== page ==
CFRP Working Paper Series | W14002
When Father Doesn’t Bother: Conditioning the Failure to Establish Paternity In-Hospital on Fathers’ Presence at the Birth
Cynthia Osborne and Daniel Dillon
The University of Texas at Austin | LBJ School of Public Affairs | Child and Family Research Partnership
Cynthia Osborne is an Associate Professor at the LBJ School of Public Affairs at the University of Texas at Austin, and Director of the Child and Family Research Partnership at the LBJ School. Daniel Dillon is a Senior Research Associate at the Child and Family Research Partnership.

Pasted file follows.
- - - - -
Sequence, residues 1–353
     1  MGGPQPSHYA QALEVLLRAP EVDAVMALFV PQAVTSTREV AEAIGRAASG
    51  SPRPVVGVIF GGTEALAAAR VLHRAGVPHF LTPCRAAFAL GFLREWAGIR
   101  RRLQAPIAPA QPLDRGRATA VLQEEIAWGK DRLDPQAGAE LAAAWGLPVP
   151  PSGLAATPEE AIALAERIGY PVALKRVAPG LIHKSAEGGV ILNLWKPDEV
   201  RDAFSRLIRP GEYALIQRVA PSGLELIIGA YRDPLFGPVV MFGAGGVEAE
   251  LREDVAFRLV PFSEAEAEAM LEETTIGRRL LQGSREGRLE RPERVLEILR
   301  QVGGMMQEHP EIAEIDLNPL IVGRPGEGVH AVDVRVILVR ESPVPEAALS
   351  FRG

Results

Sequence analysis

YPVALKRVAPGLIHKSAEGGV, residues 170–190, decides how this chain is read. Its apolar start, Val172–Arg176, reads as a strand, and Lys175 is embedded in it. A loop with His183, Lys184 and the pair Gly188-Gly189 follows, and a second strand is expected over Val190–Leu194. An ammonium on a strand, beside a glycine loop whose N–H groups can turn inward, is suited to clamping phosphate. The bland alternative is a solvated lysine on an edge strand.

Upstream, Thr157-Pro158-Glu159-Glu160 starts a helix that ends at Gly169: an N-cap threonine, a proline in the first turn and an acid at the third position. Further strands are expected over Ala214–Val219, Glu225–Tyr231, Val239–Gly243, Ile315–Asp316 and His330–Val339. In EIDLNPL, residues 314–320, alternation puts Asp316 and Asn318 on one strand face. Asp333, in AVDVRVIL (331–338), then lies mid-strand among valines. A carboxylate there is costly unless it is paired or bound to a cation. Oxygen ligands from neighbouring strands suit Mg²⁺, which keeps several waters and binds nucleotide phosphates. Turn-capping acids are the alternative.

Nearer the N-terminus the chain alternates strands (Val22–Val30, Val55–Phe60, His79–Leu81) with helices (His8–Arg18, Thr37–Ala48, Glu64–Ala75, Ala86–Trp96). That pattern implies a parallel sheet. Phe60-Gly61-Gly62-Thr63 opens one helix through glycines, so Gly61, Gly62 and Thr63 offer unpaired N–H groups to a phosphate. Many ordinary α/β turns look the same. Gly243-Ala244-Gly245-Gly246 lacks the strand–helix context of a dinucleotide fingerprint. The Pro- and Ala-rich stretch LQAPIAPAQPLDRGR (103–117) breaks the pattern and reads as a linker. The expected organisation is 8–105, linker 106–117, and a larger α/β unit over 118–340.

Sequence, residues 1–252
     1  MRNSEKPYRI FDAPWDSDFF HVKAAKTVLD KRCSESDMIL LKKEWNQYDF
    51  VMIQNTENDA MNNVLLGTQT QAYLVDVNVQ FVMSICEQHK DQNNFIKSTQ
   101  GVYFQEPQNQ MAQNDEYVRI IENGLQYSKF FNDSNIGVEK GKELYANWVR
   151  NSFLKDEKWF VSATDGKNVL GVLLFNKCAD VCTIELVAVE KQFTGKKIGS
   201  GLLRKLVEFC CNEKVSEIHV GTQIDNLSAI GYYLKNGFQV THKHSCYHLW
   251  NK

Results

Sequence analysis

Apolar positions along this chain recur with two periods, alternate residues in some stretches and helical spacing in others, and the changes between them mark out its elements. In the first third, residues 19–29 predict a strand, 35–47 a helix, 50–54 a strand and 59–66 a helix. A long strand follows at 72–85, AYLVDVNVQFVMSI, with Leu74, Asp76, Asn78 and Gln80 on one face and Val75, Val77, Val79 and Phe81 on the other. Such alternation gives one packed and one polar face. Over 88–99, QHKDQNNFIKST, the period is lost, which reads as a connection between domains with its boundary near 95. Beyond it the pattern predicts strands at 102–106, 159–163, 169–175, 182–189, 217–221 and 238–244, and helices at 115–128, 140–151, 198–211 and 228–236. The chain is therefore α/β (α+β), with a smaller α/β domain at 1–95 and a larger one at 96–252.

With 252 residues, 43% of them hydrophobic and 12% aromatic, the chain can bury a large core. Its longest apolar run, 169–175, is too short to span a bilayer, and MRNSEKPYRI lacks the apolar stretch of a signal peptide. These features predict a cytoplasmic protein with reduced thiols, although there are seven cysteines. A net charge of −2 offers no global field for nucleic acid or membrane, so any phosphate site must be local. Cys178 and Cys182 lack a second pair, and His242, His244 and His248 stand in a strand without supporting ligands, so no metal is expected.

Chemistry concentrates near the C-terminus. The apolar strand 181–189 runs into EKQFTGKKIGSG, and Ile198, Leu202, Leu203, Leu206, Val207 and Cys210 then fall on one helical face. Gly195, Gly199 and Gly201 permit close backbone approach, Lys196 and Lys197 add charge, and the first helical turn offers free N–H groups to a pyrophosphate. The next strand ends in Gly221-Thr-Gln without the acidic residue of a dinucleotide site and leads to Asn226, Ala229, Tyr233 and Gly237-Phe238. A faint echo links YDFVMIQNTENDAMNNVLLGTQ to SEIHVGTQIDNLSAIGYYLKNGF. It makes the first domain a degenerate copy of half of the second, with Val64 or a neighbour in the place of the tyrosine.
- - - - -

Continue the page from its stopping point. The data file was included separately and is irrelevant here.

Children of unmarried parents do not have a legal father until paternity is established, a process completed by most families in the hospital at the time of the birth. Though nearly all fathers who are present at the birth establish paternity in-hospital, roughly one-quarter of unmarried fathers do not attend the birth and will overwhelmingly fail to establish paternity voluntarily. This paper proposes that the failure to establish paternity in-hospital consists of two distinct circumstances, often conflated in past research— fathers’ absence from the birth, and fathers’ choice not to establish paternity when present. Using new data collected through the Paternity Establishment Study (PES), a longitudinal birth cohort study of approximately 800 Texas mothers who gave birth outside of marriage in 2013, we examine the failure to establish paternity in-hospital conditioning on fathers’ presence at the birth. We find that more than two-thirds of fathers who do not establish paternity are not present at the hospital when the opportunity to establish paternity is offered; only 11 percent of birth-present fathers decline to establish paternity. Results from descriptive analyses and multinomial logistic regressions suggest that the factors predicting non-establishment differ between fathers who are present and absent from the hospital. Fathers who are absent from the hospital often have a short and fragile history with the mother and provide little support during the pregnancy. A fathers’ absence from the 20-week ultrasound emerges as the strongest predictor of his absence from the birth, suggesting this standard prenatal checkup may be an optimal time to provide unaccompanied mothers with information on paternity establishment and child support. For birth-present fathers, only father doubting the child’s paternity attains marginal significance as a predictor of the failure to establish paternity. Offering free, non-conditional paternity testing to these fathers in the hospital may facilitate more accurate paternity establishment. Overall, results suggest rates of in-hospital paternity establishment may be near a maximum level given the prevalence of fathers’ birth-absence. Further consideration should be given to fathers’ birth-absence as a signal for looming concerns such as limited father involvement and support, especially in view of the birth as a potential point of intervention.